At the Upper Lake car park [0.0km], walk down to the Upper Lake and admire the view. To the left of the lake you can see the cliffs and steep slopes of a mountain. This is called the Spinc: you're going to climb it and walk along the top of those cliffs. At the far end of the lake you may be able to see a waterfall - you'll come down from the cliffs to this waterfall and return along the bottom of the valley to the right of the lake.
Now turn left, so that the lake is on your right, and look for the trail up to Poulanass Waterfall. This is clearly marked, and also has arrows for the many walking trails that start along this route. The one we'll be following is the White Arrow Trail.
[0.4km] The first part of the trail is through pleasant oak forest. These oak trees are not very tall, as they used to be coppiced - this method of woodland management involves regularly cutting the trees back right down to near ground level and letting them regrow. As a result, the trees grow with many narrow straight trunks rather than one thick one. This practice is no longer carried out here, but none of the trees have yet reached the full height of a mature oak, which takes about 300 years.
The path climbs beside the small Lugduff Brook, which has lots of pools and small waterfalls. The biggest of these is called Poulanass, which means 'The Hole of the Waterfall'. The path eventually comes out onto a forest road at a bridge [0.8km]. Following the arrows, turn right here and follow the forest road.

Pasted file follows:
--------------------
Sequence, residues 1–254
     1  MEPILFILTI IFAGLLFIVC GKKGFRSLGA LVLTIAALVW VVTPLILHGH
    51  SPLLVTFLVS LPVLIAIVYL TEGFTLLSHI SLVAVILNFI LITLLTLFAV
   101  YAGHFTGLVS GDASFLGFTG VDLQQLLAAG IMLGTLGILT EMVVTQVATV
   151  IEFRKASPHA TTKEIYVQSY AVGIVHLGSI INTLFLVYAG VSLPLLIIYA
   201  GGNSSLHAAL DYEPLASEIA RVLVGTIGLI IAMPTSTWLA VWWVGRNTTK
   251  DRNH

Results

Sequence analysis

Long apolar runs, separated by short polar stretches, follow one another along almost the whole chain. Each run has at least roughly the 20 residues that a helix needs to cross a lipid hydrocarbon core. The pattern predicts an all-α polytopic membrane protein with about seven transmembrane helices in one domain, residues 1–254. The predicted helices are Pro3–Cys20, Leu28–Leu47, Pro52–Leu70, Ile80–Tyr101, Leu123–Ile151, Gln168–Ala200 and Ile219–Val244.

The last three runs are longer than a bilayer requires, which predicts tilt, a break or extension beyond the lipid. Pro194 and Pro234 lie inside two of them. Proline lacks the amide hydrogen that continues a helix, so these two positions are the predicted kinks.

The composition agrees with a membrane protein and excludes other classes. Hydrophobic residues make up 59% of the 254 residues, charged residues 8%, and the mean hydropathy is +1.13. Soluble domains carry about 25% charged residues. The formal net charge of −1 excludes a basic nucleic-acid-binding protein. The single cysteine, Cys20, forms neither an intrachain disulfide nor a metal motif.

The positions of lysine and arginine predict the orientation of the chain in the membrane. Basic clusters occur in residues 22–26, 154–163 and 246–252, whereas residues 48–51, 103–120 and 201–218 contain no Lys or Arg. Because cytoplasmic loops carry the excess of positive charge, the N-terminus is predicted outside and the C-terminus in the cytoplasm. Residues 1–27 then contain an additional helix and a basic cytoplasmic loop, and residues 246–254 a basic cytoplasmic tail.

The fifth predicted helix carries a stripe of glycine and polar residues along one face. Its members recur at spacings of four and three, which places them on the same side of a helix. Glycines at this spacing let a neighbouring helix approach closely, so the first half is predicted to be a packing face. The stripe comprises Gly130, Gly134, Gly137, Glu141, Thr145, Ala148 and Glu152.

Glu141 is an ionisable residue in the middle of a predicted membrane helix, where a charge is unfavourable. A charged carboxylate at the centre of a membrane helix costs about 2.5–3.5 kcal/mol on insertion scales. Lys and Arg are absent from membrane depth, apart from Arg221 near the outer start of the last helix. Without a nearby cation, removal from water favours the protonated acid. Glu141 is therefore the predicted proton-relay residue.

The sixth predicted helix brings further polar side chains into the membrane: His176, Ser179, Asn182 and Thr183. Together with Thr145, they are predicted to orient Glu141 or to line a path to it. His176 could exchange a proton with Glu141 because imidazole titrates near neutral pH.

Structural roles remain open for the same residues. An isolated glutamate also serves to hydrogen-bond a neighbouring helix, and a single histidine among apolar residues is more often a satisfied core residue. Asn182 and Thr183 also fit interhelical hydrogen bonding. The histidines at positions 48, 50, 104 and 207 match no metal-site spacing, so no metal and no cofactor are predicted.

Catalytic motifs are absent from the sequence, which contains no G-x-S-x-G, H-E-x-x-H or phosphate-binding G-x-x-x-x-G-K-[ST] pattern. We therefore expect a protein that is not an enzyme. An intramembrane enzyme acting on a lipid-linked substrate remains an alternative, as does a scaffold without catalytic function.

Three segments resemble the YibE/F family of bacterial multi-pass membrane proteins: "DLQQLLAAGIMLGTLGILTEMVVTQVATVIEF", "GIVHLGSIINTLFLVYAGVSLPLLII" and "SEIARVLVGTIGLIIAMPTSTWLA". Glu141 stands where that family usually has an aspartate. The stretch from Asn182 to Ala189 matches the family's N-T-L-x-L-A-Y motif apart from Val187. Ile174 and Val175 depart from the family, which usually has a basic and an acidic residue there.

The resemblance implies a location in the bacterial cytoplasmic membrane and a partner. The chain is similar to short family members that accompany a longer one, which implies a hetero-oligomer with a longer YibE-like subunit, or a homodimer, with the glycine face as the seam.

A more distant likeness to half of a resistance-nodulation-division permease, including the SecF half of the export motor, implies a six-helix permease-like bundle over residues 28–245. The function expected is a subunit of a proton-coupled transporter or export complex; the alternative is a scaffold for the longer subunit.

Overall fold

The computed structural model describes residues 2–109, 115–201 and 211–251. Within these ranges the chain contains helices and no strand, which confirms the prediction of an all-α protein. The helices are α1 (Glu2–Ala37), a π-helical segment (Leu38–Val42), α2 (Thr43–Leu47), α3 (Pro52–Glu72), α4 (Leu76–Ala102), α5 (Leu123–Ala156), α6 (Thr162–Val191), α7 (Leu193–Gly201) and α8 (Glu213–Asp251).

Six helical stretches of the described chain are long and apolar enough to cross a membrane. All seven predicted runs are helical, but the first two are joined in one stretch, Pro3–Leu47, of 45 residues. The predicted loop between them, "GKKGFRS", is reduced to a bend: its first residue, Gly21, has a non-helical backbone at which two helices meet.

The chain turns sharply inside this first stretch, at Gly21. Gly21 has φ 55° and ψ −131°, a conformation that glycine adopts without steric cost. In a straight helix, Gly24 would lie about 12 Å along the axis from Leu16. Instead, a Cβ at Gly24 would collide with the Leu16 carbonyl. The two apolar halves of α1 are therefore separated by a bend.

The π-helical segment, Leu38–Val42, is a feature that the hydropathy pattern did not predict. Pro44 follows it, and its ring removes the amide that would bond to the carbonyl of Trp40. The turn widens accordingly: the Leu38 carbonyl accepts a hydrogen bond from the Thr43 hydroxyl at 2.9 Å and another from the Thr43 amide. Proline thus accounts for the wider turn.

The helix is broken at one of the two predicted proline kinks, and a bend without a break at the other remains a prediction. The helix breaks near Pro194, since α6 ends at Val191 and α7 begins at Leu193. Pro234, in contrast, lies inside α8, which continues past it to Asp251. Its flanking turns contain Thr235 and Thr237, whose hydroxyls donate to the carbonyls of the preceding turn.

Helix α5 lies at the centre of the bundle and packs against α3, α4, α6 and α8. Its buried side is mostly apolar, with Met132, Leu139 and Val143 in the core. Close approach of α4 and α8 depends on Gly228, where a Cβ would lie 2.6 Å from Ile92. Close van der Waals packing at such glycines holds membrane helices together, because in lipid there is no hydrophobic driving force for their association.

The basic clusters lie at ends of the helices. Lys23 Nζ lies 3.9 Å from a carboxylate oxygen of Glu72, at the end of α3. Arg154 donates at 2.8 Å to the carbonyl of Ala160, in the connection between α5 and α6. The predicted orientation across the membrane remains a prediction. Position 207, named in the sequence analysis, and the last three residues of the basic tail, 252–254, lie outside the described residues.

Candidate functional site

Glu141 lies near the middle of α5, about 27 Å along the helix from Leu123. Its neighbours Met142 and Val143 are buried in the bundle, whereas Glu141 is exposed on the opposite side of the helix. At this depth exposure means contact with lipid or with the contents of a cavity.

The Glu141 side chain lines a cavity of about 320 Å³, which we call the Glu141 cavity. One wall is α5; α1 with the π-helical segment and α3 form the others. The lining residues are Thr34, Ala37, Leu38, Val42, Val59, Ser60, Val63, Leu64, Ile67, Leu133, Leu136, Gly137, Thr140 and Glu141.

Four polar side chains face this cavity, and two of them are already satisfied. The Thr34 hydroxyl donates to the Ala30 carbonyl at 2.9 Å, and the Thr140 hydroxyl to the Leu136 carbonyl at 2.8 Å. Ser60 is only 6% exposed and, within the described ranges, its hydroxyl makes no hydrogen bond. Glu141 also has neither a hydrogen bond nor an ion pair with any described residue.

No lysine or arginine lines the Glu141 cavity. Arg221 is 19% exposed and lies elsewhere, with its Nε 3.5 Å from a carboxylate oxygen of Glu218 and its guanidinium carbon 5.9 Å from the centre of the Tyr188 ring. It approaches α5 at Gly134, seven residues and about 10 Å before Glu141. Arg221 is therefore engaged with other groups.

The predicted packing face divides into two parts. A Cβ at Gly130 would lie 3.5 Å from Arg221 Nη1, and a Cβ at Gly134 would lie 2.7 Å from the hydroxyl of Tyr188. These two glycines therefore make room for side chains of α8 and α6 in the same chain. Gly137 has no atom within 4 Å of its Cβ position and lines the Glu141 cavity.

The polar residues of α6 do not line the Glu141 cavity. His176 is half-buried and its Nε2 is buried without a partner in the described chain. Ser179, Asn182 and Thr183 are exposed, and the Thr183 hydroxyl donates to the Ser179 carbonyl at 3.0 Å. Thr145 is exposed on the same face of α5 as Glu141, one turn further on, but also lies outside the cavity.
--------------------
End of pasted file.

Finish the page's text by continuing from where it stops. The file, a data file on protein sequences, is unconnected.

Although the native forest of Ireland in the past was oak, it is very slow-growing. The State-owned company Coillte ('kweelcha') is in the business of making money by growing trees on much of the wild, abandoned land of Ireland. They've discovered that many of the coniferous trees of Northern Europe and Scandinavia grow very well in this country, and the trees can grow all the year round because winters are mild. There is quite an industry in planting and felling these coniferous forests.
All the forest you will encounter from this point of the trail onwards is coniferous. Unfortunately, the coniferous forests are very boring to walk in. The trees produce resinous needles instead of leaves - these cover the ground underneath, generally preventing any smaller plants from growing. Luckily, you won't be in the boring forest for too long.
Soon you come to the 600 steps [1.4km]. These are made from wooden railway sleepers and are coated with metal nails so that they offer good grip underfoot. The climb is strenuous, but there are plenty of places where you can step to one side and rest, letting faster walkers pass you.
The Clifftop Boardwalk
At the top of the steps [1.8km], there is a short flat section and then you come out of the forest to an impressive view. You are at the top of the Spinc, looking down on the valley. You can see a small portion of the Upper Lake below you, and further down the valley the smaller Lower Lake. Beyond the Lower Lake is the round tower of the Monastic Village.
The next 3km of the walk is along a 'boardwalk', a path along the clifftop made from railway sleepers. It is only two sleepers wide so you must walk single file. If you want to pass someone, you must step off the path, but be careful doing this, as in some places the ground is very wet.